I'm working on the project where the client has the back-end code in ServerA, and my front-end code, which is supposed to talk to back-end via AJAX requests is on ServerB, and they are in different domains. Because of the same origin policy, I'm not able to make those requests successfully (neither POST nor GET). Is it possible to enable it somehow without changing the back-end code to handle the JSONP? eg., white list that particular domain, or something?

I tried to emulate this in my local network where the back-end code is running on (different machine), and I'm accessing it from localhost (apache), but couldn't figure out anything that doesn't require using jsonp. When calls are made, I'm not even seeing anything in the logs in the back-end, but it works fine from the REST client and by just loading the URL for GET requests. How are public API requests implemented that are not using JSONP?

I need at least one method (POST or GET) to work. Thanks.


Is it possible to enable it somehow without changing the back-end code to handle the JSONP? eg., white list that particular domain, or something?

Yes, you could write a server side script on your domain that will serve as a bridge between your and the remote domain and then send an AJAX request to your script.

Don't expect miracles. If you don't have control over the remote domain you are busted. The same origin policy restriction that's built into browsers for security reasons busts you. Well, you could always write your own browser that doesn't implement this policy, but I think you get my point.

Common workarounds include JSONP and CORS but they involve control over the remote domain. If you don't have control then read the my previous sentence as well as my first sentence.

Here's a nice guide I invite you consulting that covers some common techniques allowing to achieve cross domain AJAX with jQuery. Then adapt the one that fits best your scenario. And there's always the heavy artillery solution that involves bridging the 2 domains with a server side script which works bullet-proof in 100% of the cases if none of the other workarounds help you.

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  • Does that mean I can write my own server-side code, which acts like a bridge to the actual back-end code? My HTML <=> My back-end <=> Client's back-end – Sherzod Jul 9 '12 at 22:32

Is it possible to enable it somehow without changing the back-end code to handle the JSONP? eg., white list that particular domain, or something?

Hmmm, mostly no. You must allow JSONP or "white list" things via CORS (which is very easy to do). Or you can use YQL as a cross-domain proxy.

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Three solutions posted here:


I've tried the third option since it just worked for me.. and I didn't have to go through any extra stress as it just handled things just like a regular ajax call.

Updating answer as this was posted 2 years ago:


Server side proxy:

the old page also talks about using a server side proxy, which means your server makes a call to another server, grabs all the data and sends it off to a page resting on that server. There is no problem for one server to fetch data from another server. So then your page can make a regular ajax call to that server. I didn't go with this option as it required more manual labor. So I'd suggest going with the option detailed here:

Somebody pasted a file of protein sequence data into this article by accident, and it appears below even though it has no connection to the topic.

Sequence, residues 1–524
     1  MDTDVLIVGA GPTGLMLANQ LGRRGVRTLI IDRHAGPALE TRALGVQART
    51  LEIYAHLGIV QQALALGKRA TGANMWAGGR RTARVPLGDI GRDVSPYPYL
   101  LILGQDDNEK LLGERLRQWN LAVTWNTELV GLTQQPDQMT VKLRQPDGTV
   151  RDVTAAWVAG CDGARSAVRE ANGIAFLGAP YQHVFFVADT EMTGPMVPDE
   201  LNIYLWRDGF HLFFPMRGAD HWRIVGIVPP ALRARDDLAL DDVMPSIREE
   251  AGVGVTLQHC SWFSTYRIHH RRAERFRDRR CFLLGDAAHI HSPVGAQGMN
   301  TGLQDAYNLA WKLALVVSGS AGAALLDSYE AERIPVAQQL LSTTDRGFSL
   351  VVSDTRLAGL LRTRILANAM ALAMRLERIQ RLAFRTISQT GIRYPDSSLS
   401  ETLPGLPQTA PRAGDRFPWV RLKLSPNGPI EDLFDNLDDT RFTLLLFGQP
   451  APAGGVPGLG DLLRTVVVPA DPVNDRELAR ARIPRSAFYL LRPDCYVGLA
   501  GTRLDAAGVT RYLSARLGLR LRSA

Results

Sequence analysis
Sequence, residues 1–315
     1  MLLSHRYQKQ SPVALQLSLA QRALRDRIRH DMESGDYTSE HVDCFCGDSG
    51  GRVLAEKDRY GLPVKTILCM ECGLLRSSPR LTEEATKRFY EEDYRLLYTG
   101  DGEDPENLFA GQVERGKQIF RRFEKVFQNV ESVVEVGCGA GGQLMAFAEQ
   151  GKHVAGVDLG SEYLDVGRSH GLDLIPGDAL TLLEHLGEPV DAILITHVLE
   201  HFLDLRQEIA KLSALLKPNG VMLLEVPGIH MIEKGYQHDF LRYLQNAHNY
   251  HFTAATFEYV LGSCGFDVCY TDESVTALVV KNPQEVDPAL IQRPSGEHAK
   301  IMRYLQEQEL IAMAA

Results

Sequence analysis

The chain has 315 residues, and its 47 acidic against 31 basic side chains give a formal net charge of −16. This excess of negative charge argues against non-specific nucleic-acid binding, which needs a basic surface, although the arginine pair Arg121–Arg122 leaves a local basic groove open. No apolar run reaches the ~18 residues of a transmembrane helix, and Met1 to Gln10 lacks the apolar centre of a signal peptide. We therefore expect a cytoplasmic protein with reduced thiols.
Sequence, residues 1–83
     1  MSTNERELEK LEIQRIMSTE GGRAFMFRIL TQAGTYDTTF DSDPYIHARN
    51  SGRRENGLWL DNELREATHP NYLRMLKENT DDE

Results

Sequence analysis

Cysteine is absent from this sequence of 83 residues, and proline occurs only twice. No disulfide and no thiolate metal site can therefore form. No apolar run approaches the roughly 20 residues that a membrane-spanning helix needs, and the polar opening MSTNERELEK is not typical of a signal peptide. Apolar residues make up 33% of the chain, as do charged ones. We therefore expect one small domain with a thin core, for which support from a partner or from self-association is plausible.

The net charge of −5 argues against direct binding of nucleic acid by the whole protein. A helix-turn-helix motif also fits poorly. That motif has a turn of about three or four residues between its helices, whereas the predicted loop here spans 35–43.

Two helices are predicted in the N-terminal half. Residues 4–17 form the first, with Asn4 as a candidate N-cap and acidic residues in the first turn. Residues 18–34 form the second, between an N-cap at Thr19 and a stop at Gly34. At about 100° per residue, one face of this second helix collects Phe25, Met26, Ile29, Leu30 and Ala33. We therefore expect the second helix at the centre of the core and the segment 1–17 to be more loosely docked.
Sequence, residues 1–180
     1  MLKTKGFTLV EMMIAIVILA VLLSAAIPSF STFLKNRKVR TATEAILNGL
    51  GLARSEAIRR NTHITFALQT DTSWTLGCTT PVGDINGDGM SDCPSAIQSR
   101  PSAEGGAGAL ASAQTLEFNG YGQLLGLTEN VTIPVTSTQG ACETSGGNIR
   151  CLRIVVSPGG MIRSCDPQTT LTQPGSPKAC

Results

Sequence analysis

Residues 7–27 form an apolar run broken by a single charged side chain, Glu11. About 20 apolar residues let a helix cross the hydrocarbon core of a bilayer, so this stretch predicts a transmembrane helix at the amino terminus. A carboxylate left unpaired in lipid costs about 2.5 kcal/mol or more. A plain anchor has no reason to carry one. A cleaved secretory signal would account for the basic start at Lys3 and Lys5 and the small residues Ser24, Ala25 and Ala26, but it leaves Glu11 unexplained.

JSONP with jQuery

  1. Make sure the provider supports JSONP.
  2. Set the dataType option to jsonp, and if the provider uses a different GET param other than 'callback', specify the jsonp option to that parameter name.

$.ajax({ // ... Use the AJAX utility as you normally would dataType: 'jsonp', // ... });

jQuery will generate a unique callback name for this request (something like json1268267816). Thus, the reply from a web service would be something like:

json1268267816({'uid': 23, 'username': 'Chroder', 'name': 'Christopher Nadeau'});

But jQuery handles it all seamlessly, so you as the developer just handle it like a normal AJAX request using the same jQuery success/failure/complete callback hooks.


The first limitation to this method is that you have to rely on the provider to implement JSONP. The provider needs to actually support JSONP -- they need to wrap their JSON data with that callback function name.

Then the next limitation -- and this is a big one -- is that JSONP doesn't support POST requests. Since all data is passed in the query string as GET data, you are severely limited if your services require the passing of long data (for example, forum posts or comments or articles). But for the majority of consumer services that fetch more data than they push, this isn't such a big problem.


Using a library like jQuery that supports JSONP, these details of inserting the special script tag and creating the special callback function are all taken care of automatically. Using a JS library, usually the only difference between JSONP and real AJAX is that you enable a 'jsonp' option.

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  • devlog.info is no longer (or currently at least) not online, it leads to a godaddy parking page. :-( – Leif Neland Aug 22 '15 at 12:05
  • I know it's been a month ago, but I updated my answer here, hope this help! – sksallaj Sep 25 '15 at 2:55

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